Carnaby Street is a new musical, set against the backdrop of London’s Soho in the Swinging Sixties. It reveals some of the goings on at the famous Marquee club, the trendy fashions seen around the district of Soho, and some of the quirky characters of the time. This was a period of hope and freedom. When the world was changing at an astonishing rate and everything seemed possible.
Produced by Carl Leighton-Pope (and based upon his own experiences working in The Marquee club as a cloakroom assistant in 1964 ) it was directed by Bob Tomson (Blood Brothers, Dreamboats and Petticoats) and designed by Matthew Wright (Evita, La Cage aux Folles.)
The central premise of this jukebox musical is that these two young dreamers headed to London to find their fame and fortune. One day in an unknown year – 1964 is suggested – the kids arrive at the London street that was already famous worldwide as the focal point of the fashion and music scene in the Sixties – Carnaby Street.
Soon they meet up with Jack – a street -wise cockney recruiter who also acts as the show narrator. He quickly introduces the newcomers to Lily – a fashion store manager and society fixer. Through this meeting, Jude is able to connect with the rich and debauched socialite play-girl Lady Jane. And it’s not long before she invites him back to her place for some no-strings sex.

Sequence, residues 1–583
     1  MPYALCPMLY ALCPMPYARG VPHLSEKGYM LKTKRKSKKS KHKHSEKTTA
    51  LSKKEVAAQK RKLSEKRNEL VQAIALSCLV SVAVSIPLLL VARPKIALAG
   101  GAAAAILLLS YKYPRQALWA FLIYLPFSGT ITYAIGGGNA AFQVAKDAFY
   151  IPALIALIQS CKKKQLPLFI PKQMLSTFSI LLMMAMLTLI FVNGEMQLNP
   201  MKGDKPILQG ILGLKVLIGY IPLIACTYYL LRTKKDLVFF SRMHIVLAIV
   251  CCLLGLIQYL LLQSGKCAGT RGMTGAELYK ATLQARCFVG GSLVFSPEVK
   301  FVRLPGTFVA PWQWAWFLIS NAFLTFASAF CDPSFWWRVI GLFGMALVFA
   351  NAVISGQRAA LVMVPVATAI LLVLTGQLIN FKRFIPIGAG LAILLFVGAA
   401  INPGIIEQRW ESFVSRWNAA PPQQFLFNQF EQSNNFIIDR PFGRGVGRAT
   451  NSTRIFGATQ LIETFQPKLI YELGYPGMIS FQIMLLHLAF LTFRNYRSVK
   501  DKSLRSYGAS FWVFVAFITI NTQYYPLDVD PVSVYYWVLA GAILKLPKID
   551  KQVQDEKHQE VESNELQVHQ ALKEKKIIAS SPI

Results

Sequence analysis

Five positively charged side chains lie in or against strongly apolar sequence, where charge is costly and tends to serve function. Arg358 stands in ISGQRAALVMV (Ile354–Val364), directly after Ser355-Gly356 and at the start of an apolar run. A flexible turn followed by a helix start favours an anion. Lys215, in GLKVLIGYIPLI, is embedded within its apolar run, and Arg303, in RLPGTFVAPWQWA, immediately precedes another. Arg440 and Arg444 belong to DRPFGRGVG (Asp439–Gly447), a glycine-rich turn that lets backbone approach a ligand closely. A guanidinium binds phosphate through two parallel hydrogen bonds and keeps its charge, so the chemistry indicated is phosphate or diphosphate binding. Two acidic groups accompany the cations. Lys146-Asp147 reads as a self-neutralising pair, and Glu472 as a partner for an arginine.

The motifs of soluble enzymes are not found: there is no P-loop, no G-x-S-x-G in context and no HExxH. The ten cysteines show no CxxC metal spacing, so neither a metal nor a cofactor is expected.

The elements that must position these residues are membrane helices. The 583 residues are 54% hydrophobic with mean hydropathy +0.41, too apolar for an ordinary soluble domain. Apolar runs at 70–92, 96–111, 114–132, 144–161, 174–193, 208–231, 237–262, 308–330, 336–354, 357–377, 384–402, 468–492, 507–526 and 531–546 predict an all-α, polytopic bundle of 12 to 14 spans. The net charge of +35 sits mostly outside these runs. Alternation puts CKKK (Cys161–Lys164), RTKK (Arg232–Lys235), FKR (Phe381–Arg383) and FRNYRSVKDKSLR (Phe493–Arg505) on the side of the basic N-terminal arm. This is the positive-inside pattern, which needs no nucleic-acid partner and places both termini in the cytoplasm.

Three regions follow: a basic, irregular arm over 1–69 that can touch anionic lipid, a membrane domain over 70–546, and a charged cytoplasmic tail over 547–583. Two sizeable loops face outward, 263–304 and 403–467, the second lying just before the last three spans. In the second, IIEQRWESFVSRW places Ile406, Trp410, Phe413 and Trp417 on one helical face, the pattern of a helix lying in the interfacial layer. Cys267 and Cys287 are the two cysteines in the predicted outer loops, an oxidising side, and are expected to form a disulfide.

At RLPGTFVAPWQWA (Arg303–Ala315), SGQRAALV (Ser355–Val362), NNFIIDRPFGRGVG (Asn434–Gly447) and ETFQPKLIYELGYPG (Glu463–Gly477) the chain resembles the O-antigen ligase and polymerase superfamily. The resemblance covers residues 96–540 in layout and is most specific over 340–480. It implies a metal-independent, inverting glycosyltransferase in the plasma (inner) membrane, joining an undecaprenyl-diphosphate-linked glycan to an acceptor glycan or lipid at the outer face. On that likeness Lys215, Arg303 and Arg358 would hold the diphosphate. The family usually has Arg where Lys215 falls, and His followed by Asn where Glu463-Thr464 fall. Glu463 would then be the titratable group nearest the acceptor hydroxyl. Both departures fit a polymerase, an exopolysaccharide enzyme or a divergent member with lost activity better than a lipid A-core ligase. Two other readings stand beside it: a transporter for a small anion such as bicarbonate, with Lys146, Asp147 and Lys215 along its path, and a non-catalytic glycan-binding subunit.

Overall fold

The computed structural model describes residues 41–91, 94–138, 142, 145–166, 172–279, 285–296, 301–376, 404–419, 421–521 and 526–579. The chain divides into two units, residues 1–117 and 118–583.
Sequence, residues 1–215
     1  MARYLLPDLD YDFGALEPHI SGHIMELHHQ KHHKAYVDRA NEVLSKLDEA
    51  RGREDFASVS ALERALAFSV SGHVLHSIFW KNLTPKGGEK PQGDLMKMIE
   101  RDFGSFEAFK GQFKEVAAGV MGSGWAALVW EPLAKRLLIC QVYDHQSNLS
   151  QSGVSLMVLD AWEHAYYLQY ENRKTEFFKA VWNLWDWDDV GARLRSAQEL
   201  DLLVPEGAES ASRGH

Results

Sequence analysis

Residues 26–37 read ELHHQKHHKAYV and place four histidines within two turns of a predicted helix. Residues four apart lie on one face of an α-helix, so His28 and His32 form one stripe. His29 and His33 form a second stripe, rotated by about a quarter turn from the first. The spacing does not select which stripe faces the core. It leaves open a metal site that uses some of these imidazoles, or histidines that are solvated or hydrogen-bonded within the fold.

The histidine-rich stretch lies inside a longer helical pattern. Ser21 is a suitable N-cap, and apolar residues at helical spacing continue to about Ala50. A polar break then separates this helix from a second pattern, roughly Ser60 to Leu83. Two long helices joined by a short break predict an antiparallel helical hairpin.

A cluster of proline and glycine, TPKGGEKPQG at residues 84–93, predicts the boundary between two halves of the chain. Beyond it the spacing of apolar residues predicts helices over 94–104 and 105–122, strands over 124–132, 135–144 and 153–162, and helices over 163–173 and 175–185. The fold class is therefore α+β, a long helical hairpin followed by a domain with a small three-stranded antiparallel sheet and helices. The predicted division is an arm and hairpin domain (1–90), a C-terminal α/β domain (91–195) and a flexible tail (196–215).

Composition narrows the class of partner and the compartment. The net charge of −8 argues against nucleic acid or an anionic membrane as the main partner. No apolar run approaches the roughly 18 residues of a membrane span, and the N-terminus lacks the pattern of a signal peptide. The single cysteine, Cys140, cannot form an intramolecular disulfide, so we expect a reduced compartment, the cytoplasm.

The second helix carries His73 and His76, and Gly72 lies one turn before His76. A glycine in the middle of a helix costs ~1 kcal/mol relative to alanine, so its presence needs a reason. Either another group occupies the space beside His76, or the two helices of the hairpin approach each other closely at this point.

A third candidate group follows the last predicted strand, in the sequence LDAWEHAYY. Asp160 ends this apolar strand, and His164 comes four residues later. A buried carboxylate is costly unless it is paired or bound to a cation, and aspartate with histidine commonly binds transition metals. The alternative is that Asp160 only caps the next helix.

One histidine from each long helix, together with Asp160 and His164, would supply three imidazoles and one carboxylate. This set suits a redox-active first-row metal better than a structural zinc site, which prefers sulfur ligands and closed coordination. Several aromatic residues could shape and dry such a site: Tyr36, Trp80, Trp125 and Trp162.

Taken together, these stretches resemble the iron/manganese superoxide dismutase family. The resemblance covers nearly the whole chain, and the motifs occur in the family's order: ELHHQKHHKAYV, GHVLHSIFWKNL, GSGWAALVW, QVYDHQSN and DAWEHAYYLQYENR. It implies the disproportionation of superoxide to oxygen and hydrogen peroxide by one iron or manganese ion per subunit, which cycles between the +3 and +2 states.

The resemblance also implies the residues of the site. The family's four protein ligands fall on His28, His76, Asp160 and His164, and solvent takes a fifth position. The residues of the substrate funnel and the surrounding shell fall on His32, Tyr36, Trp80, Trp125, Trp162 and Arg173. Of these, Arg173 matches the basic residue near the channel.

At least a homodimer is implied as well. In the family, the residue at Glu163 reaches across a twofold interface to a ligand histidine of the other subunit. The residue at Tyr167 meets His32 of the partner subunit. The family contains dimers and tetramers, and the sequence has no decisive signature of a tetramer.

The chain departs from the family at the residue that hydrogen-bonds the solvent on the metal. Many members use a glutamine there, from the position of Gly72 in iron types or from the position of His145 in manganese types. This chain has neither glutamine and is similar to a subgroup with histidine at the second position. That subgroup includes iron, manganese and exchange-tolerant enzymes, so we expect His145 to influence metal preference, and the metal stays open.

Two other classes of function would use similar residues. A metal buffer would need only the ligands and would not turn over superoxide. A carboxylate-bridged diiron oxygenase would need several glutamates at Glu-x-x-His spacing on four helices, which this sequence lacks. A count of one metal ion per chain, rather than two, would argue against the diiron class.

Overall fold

Meanwhile the C-ST band, a bunch of musicians fronted by a wild-man hairy ‘rocker‘ known as ‘T‘ is looking for a new guitarist. Jude auditions for the band, and soon becomes the group’s main attraction. Jack tries to organize a recording contract for the band with the sinister record label boss Sir Arnold Layne. His attempts fail, but socialite Jane agrees to ‘sell‘ herself to Layne, in order to clinch the deal. Layne agrees to sign the band in exchange for more sex with Jane .
The band is an unexpected runaway success. But ‘Wild Thing’ band-leader ‘T’ – who is already a drinker – starts to transform into a drug addict. He becomes unreliable and a liability. Jude is convinced by Layne to let him go. Soon a tour of America is planned – but only Jude ( with band manager Jack) will go on the trip.
Before departing for the the States, Lady Jane attempts to meet Jude to give him some urgent news. But when Jane and Penny see him off at the airport, they find that the new ‘celebrity’ has become conceited and arrogant towards them. Success has gone to his head. Jane never has the chance to pass on the important information.
Like of all these types of musicals – the show is only as good as its numbers. The good news is that Carnaby Street has a huge pile of songs to choose from. The bad news is that most of the songs that I remember most fondly (from that period) are missing.